There are no guarantees of success when developing a modern brand. There is no switch that will pour out money, there are no stunts that will automatically create attention, and there is no how-to manual that, if assiduously followed, will assure your brand’s place in the annals of the great Internet legends. Brands are driven as much by the customer as they are by the originator, and the customer doesn’t always want what’s being sold.
That said there are certain behaviors and practices that are guaranteed to kill a brand, virtually without fail. There are always exceptions to the rule, but by and large you can at least count on these ‘do nots’ as fairly ironclad rules. What follows are four ways you can miss the point, and some advice for avoiding them.
Misfire #1 – Number Chasing
This may feel like a complete turnaround from previous articles. After all, we’ve discussed metrics and their usefulness in measuring success, haven’t we? Surely the larger an audience the better a brand is doing.
The problem with this logic is that it confuses the goal with the measurement. Instead of focusing on satisfying customer demands for particular content or a certain product quality, the company focuses on making sure web traffic stays high. This kind of thinking disconnects you from the actual cause-and-effect of working on the product you’re pitching, and creates an artificial reality that will do your brand no good.
As a rule of thumb for avoiding this behavior, consider the way you set goals. If you find the goal focusing on increasing audience numbers or some abstract figure instead of refining your core product, it’s time to re-evaluate.
Misfire #2 – Going by Rote
Part of maintaining a modern brand is providing regular content. Updating frequently enough to maintain viewer interest is vital for any service, and making sure the physical product is advertised for the public’s awareness is equally important if sales are the goal.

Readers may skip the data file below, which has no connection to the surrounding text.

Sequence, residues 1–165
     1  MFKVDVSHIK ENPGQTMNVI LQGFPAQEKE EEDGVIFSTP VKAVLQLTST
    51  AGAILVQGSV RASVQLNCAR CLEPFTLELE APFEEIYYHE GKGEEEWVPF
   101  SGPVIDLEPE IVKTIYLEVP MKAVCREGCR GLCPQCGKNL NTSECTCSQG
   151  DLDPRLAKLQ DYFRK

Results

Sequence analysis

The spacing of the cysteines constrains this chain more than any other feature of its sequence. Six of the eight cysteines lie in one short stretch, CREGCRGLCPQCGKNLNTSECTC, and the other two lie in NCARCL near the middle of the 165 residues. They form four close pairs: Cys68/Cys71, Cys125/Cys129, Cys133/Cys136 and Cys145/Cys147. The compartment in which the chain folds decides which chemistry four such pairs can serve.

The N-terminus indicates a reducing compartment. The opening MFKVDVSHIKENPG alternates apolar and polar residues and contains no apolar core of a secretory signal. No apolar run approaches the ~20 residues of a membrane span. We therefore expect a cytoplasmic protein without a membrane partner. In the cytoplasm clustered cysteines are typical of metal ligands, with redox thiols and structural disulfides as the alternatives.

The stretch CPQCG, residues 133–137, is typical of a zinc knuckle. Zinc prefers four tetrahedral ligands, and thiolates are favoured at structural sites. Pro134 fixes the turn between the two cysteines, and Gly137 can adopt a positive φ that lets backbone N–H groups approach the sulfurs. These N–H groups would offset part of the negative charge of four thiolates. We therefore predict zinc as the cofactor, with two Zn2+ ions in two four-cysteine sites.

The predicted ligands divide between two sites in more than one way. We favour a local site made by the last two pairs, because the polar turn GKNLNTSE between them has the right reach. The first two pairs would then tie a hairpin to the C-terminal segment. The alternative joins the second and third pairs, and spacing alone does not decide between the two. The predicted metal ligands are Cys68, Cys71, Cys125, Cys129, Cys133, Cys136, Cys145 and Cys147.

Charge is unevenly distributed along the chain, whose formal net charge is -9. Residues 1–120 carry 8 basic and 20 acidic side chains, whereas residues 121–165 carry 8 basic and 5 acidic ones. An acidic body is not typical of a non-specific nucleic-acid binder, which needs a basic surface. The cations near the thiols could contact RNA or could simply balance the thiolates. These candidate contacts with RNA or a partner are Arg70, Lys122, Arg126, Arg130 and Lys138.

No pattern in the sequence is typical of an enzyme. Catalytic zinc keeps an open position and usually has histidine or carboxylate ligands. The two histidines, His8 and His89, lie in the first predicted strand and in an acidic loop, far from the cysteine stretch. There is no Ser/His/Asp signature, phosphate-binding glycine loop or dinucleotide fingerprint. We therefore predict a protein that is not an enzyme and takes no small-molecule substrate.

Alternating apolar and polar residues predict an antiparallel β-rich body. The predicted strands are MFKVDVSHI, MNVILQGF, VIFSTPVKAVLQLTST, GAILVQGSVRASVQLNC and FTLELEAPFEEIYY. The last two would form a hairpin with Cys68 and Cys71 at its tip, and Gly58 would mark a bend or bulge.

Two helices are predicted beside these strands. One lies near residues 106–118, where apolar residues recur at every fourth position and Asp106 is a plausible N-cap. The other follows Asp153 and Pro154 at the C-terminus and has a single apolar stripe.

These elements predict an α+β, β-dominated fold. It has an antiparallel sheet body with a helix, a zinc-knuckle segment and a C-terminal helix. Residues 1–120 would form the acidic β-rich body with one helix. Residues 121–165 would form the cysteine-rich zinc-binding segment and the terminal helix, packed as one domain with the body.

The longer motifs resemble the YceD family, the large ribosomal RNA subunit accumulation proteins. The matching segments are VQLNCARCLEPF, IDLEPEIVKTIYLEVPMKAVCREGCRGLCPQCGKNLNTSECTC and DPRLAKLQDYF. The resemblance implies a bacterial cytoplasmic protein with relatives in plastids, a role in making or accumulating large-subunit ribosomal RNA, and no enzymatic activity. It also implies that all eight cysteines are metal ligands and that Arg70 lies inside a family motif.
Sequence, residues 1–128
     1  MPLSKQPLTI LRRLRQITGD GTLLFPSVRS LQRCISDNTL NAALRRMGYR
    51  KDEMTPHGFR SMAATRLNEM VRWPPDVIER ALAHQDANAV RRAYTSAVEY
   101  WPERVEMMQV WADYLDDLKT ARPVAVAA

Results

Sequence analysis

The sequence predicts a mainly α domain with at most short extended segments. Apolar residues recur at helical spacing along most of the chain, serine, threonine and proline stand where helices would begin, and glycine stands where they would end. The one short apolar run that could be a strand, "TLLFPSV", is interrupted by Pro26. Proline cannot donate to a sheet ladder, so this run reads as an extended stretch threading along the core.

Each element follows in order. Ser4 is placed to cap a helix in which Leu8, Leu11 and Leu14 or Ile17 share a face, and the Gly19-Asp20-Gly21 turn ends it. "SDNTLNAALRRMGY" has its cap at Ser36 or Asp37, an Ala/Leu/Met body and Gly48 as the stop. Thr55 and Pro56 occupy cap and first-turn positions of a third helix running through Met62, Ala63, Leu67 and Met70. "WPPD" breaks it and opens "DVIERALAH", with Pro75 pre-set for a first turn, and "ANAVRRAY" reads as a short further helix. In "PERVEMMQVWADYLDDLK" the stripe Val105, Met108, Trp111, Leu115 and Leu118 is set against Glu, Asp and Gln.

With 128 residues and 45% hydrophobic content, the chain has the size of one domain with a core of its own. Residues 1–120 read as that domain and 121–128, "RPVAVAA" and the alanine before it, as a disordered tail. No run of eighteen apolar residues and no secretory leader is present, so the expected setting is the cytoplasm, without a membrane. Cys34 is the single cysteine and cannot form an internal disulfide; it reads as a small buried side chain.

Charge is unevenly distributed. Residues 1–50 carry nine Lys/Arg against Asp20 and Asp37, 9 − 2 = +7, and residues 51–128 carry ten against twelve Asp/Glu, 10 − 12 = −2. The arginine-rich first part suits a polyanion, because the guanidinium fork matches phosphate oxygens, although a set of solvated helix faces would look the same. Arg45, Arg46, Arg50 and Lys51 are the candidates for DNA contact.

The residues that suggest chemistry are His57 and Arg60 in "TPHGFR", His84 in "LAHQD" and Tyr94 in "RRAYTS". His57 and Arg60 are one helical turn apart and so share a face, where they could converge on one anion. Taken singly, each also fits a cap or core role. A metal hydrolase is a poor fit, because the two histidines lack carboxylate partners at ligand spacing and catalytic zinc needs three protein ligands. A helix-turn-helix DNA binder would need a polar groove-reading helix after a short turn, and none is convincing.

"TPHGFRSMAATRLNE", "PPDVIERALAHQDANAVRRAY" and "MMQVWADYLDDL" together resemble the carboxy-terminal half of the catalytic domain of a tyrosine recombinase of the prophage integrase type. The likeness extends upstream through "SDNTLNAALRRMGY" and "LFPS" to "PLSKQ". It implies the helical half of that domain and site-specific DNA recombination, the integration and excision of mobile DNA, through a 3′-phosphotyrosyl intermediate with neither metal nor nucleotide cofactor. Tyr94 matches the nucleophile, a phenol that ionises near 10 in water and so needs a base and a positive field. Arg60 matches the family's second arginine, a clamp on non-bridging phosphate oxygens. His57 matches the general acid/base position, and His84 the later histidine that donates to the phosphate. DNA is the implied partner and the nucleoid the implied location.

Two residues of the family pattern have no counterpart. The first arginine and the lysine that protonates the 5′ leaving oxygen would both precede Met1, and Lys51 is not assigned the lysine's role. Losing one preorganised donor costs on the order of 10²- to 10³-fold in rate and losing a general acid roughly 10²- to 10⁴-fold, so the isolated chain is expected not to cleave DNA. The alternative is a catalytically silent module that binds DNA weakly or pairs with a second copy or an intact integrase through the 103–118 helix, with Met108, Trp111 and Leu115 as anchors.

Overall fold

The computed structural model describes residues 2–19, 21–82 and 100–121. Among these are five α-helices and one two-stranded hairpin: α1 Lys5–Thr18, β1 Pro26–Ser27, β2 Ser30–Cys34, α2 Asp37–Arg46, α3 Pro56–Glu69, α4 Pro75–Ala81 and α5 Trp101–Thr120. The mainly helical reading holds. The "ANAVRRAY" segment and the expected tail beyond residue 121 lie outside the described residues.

That said, there is a problem inherent in a scheduled updating system that can sneak into the provider’s routine. Specifically we’re speaking of the tendency to update without purpose. You see it frequently on twitter or certain blogs, where the provider is strapped for ideas and just posts a bit of airy, fluffy filler because ‘it’s time to post.’ While this does meet the customer’s expectation, this can work against you, as it leaves a bit of the ‘what was the point?’ question in their minds.
Instead, consider missing out a day if you genuinely don’t have content to provide. It happens, there are slow days for everyone. Missing the routine for a day will give you time to pull up some new content, and when the audience chimes in and sees there isn’t an update, they’ll be curious and more likely to check back the next time.
Misfire #3 – Fadding Out
The difference between a movement and a fad is that a fad sits on the surface of things, changing very little; whereas a movement alters the very basics of how the world functions. ‘Virtual Reality’ was a fad. People hyped it up, but there was no way the majority of people were going to shell out thousands for VR systems and their ten-pound headsets. Twitter is a movement, having developed a broad appeal and fundamentally changed the way people think about spreading information.
We have spoken of the need for innovation and the ability to take risks in brand development, and these things are still true. However, how innovative is it to jump on board something someone else has created? Instead of following the trends, focus on what your brand needs and how it functions. If adding in an element makes sense, do so without hesitation. If you have to force it, forget it.
Misfire #4 – Losing Focus
At this point it’s virtually ancient history, but there is a lesson for modern brand development in the Video Game Crash of the 1980s. The short of it is that every single company worth mentioning decided video games were the future, and opened up a video game division. They launched these efforts without any serious dedication to the craft of game design, and some succeeded while others failed. The most bizarre entrant was Quaker Oats, the people that make oatmeal. The result was a complete disaster.
What business would an oatmeal company have making games? On the surface, any business they desired. Perhaps it was always their secret passion, who knows? However, they lacked any serious experience in the venture, and you probably can’t find ten people out of a thousand who remember what game or games they put out.